Since I arrived in August, I've been struck by how much seafood on menus is from up north, whether it's swordfish, oysters, or lobster. I've also been curious at the pricing of local that's often higher than what's caught in the Caribbean and New England. What's the story?
I've been asking around -- line cooks, recreational fishermen, and chefs -- to find out more about this market. I thought Dean Max's assessment of how Florida seafood is selling at 3030 Ocean was especially interesting.
"Despite that 3030 Ocean is a seafood restaurant, we sell 48% beef. That's a pretty high percentage for a seafood restaurant," he said. "I'm not serving mahi sandwiches for under $20 here, so I think a lot of people don't want to commit to a plate that they're not familiar with."
Max said that at 3030 Ocean, year-round residents are less likely to order Florida seafood than visitors. "Visitors are all about local wahoo, pompano, and tuna," he said, though he's selling fewer stone crabs because they're so much more expensive than fish.
Red snapper, Ahi tuni, and mahi-mahi, are bestsellers, though when it's on the menu, black grouper sells out
fastest. "People know black grouper. It's the hottest fish and the most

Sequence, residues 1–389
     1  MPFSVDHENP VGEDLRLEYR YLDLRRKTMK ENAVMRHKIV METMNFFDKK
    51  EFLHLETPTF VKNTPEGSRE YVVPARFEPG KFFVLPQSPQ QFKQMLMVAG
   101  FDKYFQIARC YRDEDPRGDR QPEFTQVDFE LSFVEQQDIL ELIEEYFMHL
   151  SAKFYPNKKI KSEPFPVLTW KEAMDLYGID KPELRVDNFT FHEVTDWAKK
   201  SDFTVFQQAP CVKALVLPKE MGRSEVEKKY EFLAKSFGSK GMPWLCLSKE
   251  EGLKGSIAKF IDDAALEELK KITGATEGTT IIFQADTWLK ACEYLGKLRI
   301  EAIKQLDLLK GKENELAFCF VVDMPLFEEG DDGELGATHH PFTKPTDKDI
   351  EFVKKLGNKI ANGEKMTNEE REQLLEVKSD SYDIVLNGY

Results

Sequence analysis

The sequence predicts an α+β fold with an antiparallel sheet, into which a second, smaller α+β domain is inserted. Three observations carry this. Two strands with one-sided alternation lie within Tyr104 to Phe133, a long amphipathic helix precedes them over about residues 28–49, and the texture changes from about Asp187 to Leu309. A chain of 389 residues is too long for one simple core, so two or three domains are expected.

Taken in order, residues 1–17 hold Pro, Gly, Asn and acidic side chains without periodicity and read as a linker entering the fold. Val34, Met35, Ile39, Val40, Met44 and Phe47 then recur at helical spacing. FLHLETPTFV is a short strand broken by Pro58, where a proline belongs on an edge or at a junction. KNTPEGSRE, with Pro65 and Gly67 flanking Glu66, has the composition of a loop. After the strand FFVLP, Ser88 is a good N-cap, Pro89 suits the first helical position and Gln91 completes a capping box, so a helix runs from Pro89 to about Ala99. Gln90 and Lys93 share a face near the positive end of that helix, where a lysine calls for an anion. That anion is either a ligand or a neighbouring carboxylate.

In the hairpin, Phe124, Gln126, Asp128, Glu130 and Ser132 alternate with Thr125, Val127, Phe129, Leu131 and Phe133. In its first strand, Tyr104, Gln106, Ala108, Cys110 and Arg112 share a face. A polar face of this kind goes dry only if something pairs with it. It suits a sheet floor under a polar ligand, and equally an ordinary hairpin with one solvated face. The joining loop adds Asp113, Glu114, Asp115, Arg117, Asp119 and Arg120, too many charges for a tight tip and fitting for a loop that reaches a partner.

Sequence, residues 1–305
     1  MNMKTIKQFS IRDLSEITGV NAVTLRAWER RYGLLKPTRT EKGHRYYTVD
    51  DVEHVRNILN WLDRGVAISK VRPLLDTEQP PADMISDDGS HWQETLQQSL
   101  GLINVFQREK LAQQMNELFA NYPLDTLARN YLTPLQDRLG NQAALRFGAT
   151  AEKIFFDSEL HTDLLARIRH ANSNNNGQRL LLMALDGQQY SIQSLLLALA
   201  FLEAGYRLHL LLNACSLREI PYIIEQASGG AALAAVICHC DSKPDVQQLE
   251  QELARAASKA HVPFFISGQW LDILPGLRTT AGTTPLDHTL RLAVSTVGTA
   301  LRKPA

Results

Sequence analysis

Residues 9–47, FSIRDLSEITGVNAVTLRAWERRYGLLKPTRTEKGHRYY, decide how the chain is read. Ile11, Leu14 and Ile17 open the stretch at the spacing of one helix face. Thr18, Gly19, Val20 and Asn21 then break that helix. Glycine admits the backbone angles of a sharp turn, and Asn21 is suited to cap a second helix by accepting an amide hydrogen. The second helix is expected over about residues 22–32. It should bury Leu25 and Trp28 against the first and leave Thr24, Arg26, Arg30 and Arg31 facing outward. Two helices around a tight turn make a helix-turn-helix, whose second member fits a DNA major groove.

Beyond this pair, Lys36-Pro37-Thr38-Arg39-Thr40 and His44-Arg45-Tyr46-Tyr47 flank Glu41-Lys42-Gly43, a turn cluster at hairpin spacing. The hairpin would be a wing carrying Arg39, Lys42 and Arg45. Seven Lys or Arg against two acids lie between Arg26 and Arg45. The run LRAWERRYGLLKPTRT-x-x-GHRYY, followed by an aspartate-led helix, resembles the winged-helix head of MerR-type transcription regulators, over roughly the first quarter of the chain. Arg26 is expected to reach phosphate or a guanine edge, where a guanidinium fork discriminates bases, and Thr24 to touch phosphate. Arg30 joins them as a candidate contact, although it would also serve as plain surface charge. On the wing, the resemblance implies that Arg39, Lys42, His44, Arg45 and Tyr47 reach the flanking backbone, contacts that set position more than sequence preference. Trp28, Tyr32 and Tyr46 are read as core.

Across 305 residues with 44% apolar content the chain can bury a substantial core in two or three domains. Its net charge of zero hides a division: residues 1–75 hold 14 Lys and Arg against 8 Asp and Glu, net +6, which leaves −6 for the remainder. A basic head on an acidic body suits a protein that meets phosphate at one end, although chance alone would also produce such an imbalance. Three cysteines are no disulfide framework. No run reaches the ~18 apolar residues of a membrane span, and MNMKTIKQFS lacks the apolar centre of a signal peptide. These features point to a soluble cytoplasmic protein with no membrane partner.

flavorful grouper. That said, I can't sell it at my restaurants in
Cleveland and Columbus, where most of the menu is under $20. Or if I do,
I have to be more creative in the presentation."
Max says he buys black grouper wholesale for $16 to $18 a pound. He
serves it filleted, with a vegetable and likely a sauce, which brings
the restaurant cost to $13 a plate. "For me to build in cost of
ingredients and labor, I'm charging $34 a plate for black grouper," he said.
"Seafood has become steak-house pricing."
What about other varieties of the fish? "All grouper is expensive now," he
said, because of catch limits and limited supply. "The days of the $8
grouper sandwich are done." Part of why it's so expensive is because it's the third year that grouper fishing is closed -- right in the middle of the season, which runs from January through April.
Pompano is making a modest regional
comeback, of which Florida has "a small supply," he said. "You're not
going to see Pompano out in California." Max describes it as an oily fish
that's less gamey than bluefish from up north. He likes to pair it with
something tangy, like a passion fruit vinaigrette with an
arugula salad. "It contrasts really well with the bitterness of the
salad." he said.
Do bigger name restaurants drive up the price of seafood? "It's not like ten or 15 years ago, when people ate beef, chicken, or salmon," he said. "I know
people who eat fish three and four times a week. The demand is really
high, and we just can't find enough product."
And while fish prices will fluctuate with the market, he doesn't see any significant relief from high prices. "Fish farming
needs to improve. How will we do it in a healthy way that doesn't harm the environment?"
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